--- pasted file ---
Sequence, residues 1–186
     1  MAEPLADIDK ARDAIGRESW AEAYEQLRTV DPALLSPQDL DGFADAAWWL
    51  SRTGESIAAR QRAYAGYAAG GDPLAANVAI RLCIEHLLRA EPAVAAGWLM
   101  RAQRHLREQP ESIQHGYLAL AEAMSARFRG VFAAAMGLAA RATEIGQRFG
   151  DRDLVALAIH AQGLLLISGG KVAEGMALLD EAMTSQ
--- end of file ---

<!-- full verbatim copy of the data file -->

Sequence, residues 1–186
     1  MAEPLADIDK ARDAIGRESW AEAYEQLRTV DPALLSPQDL DGFADAAWWL
    51  SRTGESIAAR QRAYAGYAAG GDPLAANVAI RLCIEHLLRA EPAVAAGWLM
   101  RAQRHLREQP ESIQHGYLAL AEAMSARFRG VFAAAMGLAA RATEIGQRFG
   151  DRDLVALAIH AQGLLLISGG KVAEGMALLD EAMTSQ